The major excitatory inputs to the striatum come from the cerebral cortex (including the hippocampus) and the intralaminar complex of thalamic nuclei. A major input arises from the dopaminergic cells of the midbrain, located in the substantia nigra pars compacta and the adjacent ventral tegmental area. Degeneration of the striatum results in Huntington's disease, whereas degeneration of the dopaminergic neurons causes Parkinson's disease.

Much attention has recently focused on the modular organization of cortical and basal ganglia interconnections. This trend accords with the recognition of other important modules in the motor system, such as CPGs, reflex circuits, and cortical-cerebellar modules. The cortical-basal ganglionic modules, often called "loops," consist of cortical, striatal, pallidal, and thalamic elements that form, at least in principle, a recurrent excitatory pathway. This circuit includes the so-called "direct pathway,'' striatal output neurons (technically, medium spiny neurons) that project directly to the pallidal projection neurons (Fig. 1), including those in the internal segment of the globus pallidus (GPi). Another part of the basal ganglia, the "indirect pathway,'' begins with projections from the striatum to the external segment of the globus pallidus (GPe). These neurons influence the subthalamic nucleus and pallidum, in turn (Fig. 1).

This sketch of the basal ganglia has heuristic value in understanding Parkinson's disease and other consequences of basal ganglia dysfunction. However, the reader should recognize that it represents a coarse oversimplification. Many other features of its anatomy are important to basal ganglia physiology. The subthalamic nucleus, for example, excites not just GPi but also GPe; the GPe sends inhibitory inputs "back" to the striatum; and the motor cortex sends a direct, excitatory projection to the subthalamic nu cleus. Furthermore, in addition to dopaminergic inputs, serotonergic inputs arise from the raphe nucleus, and there are a large variety of intrinsic neurons using other neurotransmitters, including acetylcholine.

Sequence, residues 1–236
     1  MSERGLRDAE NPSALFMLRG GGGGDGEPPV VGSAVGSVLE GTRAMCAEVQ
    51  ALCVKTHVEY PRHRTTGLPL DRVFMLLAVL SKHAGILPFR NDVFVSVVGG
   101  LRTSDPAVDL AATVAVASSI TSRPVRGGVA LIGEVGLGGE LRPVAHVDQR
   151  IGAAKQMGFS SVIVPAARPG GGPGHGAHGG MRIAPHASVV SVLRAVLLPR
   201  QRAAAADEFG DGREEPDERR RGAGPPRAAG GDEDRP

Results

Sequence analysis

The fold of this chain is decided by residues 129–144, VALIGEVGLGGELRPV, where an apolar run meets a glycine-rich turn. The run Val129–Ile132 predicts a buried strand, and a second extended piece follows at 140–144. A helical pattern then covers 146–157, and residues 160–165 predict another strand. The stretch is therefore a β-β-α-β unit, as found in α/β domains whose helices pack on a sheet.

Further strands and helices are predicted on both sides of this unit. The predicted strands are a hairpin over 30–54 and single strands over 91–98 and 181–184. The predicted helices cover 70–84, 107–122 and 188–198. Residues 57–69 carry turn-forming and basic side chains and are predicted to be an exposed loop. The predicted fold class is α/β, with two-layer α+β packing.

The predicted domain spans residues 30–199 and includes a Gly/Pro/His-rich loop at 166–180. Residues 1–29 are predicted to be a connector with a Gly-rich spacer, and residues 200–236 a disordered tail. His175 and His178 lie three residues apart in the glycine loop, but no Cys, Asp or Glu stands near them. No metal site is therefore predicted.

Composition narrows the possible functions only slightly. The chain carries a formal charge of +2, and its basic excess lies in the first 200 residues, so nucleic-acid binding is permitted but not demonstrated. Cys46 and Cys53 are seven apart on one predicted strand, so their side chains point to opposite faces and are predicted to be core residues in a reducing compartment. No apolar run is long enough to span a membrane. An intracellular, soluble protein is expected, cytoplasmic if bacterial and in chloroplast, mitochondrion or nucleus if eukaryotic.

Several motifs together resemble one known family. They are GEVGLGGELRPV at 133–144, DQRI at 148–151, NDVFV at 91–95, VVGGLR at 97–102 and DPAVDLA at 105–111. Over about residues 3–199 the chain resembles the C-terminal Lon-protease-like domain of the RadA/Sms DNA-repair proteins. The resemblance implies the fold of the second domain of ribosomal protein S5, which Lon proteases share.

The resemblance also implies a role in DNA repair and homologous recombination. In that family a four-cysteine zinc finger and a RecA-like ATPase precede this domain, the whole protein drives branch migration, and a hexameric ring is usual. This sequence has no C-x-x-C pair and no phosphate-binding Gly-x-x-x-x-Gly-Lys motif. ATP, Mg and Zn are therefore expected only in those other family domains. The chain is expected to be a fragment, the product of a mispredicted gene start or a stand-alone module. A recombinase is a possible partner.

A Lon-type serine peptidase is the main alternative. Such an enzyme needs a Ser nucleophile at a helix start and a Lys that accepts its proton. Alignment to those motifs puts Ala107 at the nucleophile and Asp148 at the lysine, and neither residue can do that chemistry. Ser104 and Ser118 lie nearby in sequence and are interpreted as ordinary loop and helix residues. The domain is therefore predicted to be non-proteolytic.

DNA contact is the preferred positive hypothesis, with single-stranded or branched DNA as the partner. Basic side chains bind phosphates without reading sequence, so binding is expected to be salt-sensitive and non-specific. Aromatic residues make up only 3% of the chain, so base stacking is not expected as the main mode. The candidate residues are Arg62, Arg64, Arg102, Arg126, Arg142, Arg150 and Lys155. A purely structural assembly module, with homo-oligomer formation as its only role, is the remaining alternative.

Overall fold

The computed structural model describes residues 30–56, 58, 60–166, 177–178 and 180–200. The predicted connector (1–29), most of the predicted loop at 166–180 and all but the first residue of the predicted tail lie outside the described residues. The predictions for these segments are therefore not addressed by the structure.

c. Parkinson's Disease According to one current view, dopamine acts to support activation of the direct pathway's striatal neurons but to suppress those of the indirect pathway. Accordingly, the direct pathway's inhibitory influence over GPi might wane in the absence of dopamine. This decrease in inhibition from the striatal direct-output pathway would lead to GPi neurons having greater activity and therefore greater inhibitory output to the thalamus. The indirect pathway may also contribute to greater inhibition of the thalamus. This increased inhibitory influence on recurrent cortical-thalamic modules may cause the slowing of movement (technically, bradykinesia) that is a symptom of Parkinson's disease.

Was this article helpful?

0 0
Breaking Bulimia

Breaking Bulimia

We have all been there: turning to the refrigerator if feeling lonely or bored or indulging in seconds or thirds if strained. But if you suffer from bulimia, the from time to time urge to overeat is more like an obsession.

Get My Free Ebook


Post a comment